Stoutland’s Message To OL: ‘Make Your Opponent Feel You’

INDIANAPOLIS — D.J. Fluker couldn’t stand still.

The Alabama offensive lineman bounced from side to side, talking fast, but providing insightful responses as beads of sweat formed on his forehead.

“I’m always like this,” Fluker said. “I’m the high-energy guy on that team.”

What do you do to relax?

“There’s no time to relax. Every day to me is a work day. I want to be the Ray Lewis of my offensive line.”

Alabama’s offensive line has a strong presence at the NFL Combine. Guard Chance Warmack is unanimously considered a first-round pick. Fluker, who played right tackle last year, but is also getting a look at guard, is considered a first- or second-rounder. And versatile interior lineman Barrett Jones is projected to go off the board in the first round rounds.

All three, of course, were coached by Jeff Stoutland, now the Eagles’ offensive line coach.

“He taught me a lot as far as reading safeties, reading coverages, that’s our job,” Fluker said. “Being more aggressive at the point of attack. Drive people off the ball. Finish them. Make them feel you. That’s the main thing. Make your opponent feel you. Let them know early. Set the tone early, that’s the main thing.”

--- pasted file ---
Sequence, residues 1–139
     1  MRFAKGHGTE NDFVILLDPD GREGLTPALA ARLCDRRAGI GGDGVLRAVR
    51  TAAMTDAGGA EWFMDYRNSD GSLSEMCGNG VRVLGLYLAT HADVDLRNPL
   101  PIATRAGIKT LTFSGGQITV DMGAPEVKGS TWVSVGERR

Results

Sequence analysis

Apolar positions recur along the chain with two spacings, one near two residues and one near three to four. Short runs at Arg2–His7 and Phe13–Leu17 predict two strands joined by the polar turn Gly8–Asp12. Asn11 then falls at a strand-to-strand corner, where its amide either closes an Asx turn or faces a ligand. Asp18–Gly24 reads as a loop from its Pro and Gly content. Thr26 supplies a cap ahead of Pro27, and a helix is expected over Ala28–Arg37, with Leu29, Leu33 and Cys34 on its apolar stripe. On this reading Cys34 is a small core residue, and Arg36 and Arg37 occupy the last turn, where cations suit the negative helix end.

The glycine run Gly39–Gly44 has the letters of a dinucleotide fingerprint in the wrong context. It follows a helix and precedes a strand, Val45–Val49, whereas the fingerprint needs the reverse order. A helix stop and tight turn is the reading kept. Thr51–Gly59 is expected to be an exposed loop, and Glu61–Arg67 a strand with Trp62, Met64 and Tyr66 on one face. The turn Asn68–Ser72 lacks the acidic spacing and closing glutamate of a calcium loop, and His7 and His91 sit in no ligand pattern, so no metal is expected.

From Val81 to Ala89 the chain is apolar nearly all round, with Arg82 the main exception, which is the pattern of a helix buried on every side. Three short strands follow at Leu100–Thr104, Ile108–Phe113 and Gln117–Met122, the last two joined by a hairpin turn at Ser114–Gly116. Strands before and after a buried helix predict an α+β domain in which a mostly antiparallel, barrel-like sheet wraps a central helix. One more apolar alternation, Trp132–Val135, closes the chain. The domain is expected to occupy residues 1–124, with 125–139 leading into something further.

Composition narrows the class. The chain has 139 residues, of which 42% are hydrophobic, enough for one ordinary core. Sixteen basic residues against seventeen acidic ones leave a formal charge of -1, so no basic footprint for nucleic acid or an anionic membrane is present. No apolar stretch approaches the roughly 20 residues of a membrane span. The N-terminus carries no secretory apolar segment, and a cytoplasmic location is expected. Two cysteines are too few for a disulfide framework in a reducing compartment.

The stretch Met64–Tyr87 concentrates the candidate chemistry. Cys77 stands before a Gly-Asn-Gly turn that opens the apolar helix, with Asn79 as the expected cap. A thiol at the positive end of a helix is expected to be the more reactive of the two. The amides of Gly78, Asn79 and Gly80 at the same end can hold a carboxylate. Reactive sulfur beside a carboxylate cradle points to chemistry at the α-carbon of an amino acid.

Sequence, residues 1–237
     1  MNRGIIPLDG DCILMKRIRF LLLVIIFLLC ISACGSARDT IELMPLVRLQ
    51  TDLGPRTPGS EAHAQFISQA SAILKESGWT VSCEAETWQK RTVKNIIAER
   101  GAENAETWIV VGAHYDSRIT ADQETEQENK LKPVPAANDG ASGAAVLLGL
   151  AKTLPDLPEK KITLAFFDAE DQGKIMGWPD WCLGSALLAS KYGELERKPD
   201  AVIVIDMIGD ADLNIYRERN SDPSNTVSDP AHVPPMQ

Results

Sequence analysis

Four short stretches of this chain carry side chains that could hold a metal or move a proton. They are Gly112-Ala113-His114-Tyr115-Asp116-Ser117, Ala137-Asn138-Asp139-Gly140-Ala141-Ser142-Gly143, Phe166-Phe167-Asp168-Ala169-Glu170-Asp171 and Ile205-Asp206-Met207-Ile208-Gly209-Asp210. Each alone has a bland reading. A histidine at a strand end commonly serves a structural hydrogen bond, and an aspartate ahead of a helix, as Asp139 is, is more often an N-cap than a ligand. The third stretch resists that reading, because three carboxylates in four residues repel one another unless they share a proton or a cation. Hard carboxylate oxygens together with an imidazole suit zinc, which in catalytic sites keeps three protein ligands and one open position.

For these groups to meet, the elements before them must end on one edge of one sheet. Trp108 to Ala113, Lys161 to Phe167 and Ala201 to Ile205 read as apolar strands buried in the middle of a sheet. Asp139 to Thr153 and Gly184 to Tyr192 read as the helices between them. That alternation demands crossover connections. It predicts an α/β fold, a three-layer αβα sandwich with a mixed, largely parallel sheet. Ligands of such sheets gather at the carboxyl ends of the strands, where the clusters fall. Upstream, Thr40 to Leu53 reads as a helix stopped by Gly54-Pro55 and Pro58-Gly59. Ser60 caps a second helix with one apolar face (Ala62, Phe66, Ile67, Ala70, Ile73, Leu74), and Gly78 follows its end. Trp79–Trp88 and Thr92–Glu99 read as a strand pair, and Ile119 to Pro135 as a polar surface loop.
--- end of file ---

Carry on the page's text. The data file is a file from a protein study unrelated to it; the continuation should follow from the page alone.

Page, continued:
How is Stoutland different from other coaches?

“Couch Stoutland was one of those guys that, he wanted your effort,” Fluker added. “He wanted your best every time at practice. He finds guys, calls them catfish – the guy that’s going to jump out the water and give you everything they’ve got on every play. He looks for those type of guys.”

Fluker measured in at 6-5, 339 pounds on Friday and has long arms (36 3/4 inches). Asked what the most fun thing to do on a football field is, he responded, “Knocking the defensive end down. Dominate them every single play. Let them know this ball’s coming right behind me.”

During his interview, Fluker said he’s spent time watching and studying Jason Peters and Anthony Munoz.

Known as a player who never stops talking, Fluker was asked what he says to opposing defensive ends.

“I’m saying to you, ‘Hey, I’m coming to take your lunch money,'” he responded.

“When I’ve got them on skates, I finish ‘em. Kind of like Mortal Kombat.”

Follow Sheil Kapadia on Twitter and e-mail him at skapadia@phillymag.com.
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